Interestingly, not all types of natural environment may equally contribute to physical and mental health benefits, research also found.

For the study, academics used anonymized longitudinal data for 3,568 children and adolescents, aged nine to 15, from 31 schools across London between 2014 and 2018.

The age of 9 to 15 is a key time in the development of children’s thinking, reasoning and understanding of the world, according to the team.

The experts used data from 3,568 children and adolescents, aged 9 to 15, from 31 schools across London.  Pictured is Primrose Hill Park in North London at sunrise

The experts used data from 3,568 children and adolescents, aged 9 to 15, from 31 schools across London. Pictured is Primrose Hill Park in North London at sunrise


Doctors have been asked to prescribe green spaces to improve the physical and mental health of patients.

In a speech in July 2020, Environment Secretary George Eustice said that instead of just handing out pills, GPs and other healthcare professionals could start issuing “green prescriptions” telling patients to visit British beauty spots.

As part of the £ 4million scheme, doctors are also urging people to garden, join biking and walking groups, participate in outdoor ‘green gym’ sessions and even help out. to plant trees in their area.

The plan could also be used to send vulnerable people – such as residents of care homes – by coach to UK national parks and areas of outstanding natural beauty.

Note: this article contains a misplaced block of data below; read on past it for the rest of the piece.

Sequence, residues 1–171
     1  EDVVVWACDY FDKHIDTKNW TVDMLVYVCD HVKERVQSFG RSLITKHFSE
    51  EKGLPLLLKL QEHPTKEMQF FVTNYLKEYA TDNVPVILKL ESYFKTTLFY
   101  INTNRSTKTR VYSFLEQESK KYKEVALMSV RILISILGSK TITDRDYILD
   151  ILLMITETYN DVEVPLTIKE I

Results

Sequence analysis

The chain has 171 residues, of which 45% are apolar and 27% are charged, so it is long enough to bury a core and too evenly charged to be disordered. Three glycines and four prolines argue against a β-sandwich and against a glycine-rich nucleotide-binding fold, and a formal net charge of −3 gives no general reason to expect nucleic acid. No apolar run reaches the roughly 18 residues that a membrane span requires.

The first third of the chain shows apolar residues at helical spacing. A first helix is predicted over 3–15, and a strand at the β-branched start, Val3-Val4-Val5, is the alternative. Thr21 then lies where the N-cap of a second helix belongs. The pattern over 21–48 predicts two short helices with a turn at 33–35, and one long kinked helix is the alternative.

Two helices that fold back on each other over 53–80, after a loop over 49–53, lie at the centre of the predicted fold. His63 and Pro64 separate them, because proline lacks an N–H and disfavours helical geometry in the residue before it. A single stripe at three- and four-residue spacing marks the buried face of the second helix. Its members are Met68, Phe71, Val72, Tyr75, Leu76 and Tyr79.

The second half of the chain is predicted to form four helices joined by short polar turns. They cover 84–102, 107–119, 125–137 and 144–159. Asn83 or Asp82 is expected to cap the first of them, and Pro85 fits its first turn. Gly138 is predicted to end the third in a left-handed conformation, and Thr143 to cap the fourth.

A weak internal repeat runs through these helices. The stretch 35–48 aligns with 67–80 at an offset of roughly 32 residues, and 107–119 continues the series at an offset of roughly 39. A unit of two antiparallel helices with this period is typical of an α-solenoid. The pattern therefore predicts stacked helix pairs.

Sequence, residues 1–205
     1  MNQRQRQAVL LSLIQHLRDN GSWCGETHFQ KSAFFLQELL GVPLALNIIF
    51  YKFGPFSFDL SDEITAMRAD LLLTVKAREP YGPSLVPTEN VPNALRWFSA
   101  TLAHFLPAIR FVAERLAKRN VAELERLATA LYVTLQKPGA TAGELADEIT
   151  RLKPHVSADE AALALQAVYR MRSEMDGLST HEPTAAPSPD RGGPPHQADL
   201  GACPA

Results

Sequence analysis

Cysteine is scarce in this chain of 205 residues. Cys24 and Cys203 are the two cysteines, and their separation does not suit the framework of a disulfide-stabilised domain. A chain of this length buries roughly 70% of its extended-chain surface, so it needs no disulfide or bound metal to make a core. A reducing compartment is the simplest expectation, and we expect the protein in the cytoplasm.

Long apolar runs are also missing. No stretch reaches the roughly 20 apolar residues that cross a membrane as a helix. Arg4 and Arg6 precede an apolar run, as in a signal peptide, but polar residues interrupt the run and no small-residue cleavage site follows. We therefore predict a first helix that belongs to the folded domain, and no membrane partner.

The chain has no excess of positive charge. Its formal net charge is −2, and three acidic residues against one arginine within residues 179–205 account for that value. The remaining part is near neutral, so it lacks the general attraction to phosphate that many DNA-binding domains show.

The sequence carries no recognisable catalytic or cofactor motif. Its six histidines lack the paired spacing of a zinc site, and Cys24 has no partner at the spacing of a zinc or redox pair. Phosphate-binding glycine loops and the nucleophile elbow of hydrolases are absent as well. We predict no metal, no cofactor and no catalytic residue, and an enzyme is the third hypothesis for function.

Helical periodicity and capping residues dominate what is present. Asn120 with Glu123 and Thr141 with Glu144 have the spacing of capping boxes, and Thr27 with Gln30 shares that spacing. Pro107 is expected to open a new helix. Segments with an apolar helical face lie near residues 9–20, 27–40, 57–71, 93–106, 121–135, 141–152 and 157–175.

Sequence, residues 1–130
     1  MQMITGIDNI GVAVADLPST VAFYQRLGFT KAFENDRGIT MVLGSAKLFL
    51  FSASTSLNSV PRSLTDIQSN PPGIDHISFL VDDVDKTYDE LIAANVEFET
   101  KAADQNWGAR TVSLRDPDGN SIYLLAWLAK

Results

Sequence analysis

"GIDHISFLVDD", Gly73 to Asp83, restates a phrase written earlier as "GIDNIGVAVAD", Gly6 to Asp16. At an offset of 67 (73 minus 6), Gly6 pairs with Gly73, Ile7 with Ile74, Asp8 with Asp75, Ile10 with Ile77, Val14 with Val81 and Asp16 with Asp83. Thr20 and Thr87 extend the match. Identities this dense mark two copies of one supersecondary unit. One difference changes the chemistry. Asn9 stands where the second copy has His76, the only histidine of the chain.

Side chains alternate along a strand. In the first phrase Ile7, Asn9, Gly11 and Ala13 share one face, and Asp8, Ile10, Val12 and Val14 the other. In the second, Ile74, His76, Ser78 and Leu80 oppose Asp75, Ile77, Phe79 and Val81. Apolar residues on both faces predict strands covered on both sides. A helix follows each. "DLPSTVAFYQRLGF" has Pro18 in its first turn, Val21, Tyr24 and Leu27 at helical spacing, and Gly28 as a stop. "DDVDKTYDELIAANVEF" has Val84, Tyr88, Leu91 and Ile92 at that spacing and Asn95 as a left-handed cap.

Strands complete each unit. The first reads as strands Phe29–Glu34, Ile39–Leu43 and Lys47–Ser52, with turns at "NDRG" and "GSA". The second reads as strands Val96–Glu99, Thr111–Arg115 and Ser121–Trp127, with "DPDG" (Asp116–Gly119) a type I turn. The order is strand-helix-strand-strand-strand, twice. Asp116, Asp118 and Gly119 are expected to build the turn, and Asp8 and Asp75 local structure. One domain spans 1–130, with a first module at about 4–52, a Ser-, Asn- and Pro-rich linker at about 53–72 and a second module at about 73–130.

In an online speech to the Green Alliance, Mr Eustice pledged that nature would be at the heart of efforts to restart the economy after the pandemic.

Read more: Doctors are asked to prescribe country walks

Mental health and general well-being came from self-reported questionnaires, covering areas such as emotional issues, driving, hyperactivity and peer issues.

Satellite data was used to help calculate the rate of daily exposure of each child to natural environments within 164 feet (50 meters), 330 feet (100 meters), 820 feet (250 meters) and 1,640 feet (500 meters) from home and school.

Natural environments have been divided into what urban planners call green spaces (woods, meadows and parks) and blue spaces (rivers, lakes and sea).

The green spaces have also been separated into meadows and woods.

After adjusting for other variables, higher daily exposure to forests (but not grasslands) was linked to higher scores for cognitive development and a 17% lower risk of emotional and behavioral problems two years later.

A similar but weaker effect was observed for green spaces, with higher scores for cognitive development.

This was not observed for blue space, although access to blue space in the cohort studied was generally low, the team pointed out.

Examples of variables taken into account included the youth’s age, ethnicity, gender, parents’ occupation, and type of school – such as state or self-employed.